Miss Freda "Band of Gold" Payne rocked it out at the late set at the Iridium to a smallish house but with the same energy she would have played a sold out concert. I so respect this. This is a big star! This is a lady who can rock it, swing it, and sing pop, do blues and looks like a million bucks. She looks like the gorgeous Vanessa Williams' um, big sister! A stunning lady with pipes for days! I love her doing jazzier tunes more so than the "groovy" material but she basically can sing anything. After the concert we chatted a bit and she herself said that she considers herself more of a jazz singer so I guess I got that from her singing.

Like me, she was influenced by Miss Ella Fitzgerald at a very early age and began her life long fascination and study of all things Ella. When she sang, "Mr. Paganini" an Ella hit with some very famous scat riffs, she totally used her own musicianship to create her own fun scat runs rather that just copy what Ella did and it was very impressive. She's a very natural scat singer and does it with the ease of knowing that her incredible band would always be right there with her. The show was great! She covered some tunes of other greats like Lena Horne and Billie Holiday and did a cover tune or two but when she did a song that she recently recorded called, "He Gained the World but Lost His Soul" in light of Whitney's passing, this song about a singer who started in church and became a superstar to fall to the same end, well, it was yet another color to her incredible voice and talent. This song will be released soon on an album but I believe it is currently available to download as a single so check it out.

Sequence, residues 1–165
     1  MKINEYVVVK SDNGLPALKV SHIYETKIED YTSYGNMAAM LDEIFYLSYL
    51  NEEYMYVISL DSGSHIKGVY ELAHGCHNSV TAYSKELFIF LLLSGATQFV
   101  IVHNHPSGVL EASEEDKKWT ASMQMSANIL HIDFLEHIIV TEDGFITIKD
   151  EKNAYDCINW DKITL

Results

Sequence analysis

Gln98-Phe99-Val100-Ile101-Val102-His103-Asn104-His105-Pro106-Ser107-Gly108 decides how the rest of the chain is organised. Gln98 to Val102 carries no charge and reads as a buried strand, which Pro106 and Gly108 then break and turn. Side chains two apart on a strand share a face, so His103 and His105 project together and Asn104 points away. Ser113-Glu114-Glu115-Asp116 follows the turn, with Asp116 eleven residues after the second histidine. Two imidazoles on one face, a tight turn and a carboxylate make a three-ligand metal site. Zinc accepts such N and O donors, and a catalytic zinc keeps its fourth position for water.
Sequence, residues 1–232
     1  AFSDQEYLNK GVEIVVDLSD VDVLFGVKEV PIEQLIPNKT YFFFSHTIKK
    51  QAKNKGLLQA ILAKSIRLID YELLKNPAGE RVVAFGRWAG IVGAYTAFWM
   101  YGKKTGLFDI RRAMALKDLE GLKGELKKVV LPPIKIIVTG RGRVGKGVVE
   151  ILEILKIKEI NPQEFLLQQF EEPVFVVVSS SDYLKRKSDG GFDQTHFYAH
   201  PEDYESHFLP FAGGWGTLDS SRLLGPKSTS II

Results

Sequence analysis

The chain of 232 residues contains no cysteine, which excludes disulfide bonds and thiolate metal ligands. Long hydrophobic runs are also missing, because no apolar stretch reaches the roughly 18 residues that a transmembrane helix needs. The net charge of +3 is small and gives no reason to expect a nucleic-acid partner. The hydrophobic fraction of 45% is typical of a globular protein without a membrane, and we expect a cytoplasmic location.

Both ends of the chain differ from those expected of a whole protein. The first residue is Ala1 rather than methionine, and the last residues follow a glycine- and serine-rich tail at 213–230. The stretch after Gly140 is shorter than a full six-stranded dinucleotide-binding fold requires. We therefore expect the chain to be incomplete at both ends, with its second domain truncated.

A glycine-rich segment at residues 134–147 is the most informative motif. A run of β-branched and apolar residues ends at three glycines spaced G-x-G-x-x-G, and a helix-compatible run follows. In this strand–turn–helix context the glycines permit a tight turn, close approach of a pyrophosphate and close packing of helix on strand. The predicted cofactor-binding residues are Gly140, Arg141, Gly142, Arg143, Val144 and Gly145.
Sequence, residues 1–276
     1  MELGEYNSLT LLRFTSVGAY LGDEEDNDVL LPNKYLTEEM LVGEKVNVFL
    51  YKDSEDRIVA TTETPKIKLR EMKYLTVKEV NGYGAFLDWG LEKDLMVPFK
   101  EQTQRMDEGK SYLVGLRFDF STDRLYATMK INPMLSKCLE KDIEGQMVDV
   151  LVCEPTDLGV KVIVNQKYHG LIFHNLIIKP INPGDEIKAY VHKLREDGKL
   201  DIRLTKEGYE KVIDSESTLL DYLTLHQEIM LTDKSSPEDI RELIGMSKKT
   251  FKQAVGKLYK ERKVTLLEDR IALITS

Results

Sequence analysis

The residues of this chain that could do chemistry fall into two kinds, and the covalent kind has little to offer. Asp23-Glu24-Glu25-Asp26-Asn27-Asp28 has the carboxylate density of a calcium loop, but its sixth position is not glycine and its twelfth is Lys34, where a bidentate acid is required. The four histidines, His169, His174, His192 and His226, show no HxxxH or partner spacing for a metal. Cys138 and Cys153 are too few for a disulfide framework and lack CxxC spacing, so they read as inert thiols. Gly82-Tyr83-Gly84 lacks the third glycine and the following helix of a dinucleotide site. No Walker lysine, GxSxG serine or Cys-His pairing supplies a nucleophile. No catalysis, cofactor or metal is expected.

My biggest grin came when she set up and then delivered Ella's Berlin version of "Mack the Knife" where Ella lost her lyrics and made some up because she set it up exactly the way I set my version up and I've been doing this show for 7 years. It made me smile because if I have the same thought process as this great lady on a song choice and set up, it makes me happy. Personally she could also not be more gracious.

What a GREAT night of music ... first Carol and then Freda ... I was one happy singer, reviewer and fan on Wednesday night! You need to keep an eye on Scott Barbarino's ScoBar Productions. He's really bringing in some wonderful big names and acts at the Iridium.

JANELLE RINTRONA IN AN ENCORE PERFORMANCE OF ON MY WAY - THE DUPLEX CABARET THEATRE (61 Christopher Street, NYC - 212-255-5438) - With Gregory Toroian on piano, Steve Millhouse on bass and Sean Dixon on drums. Directed by Helen Baldassare.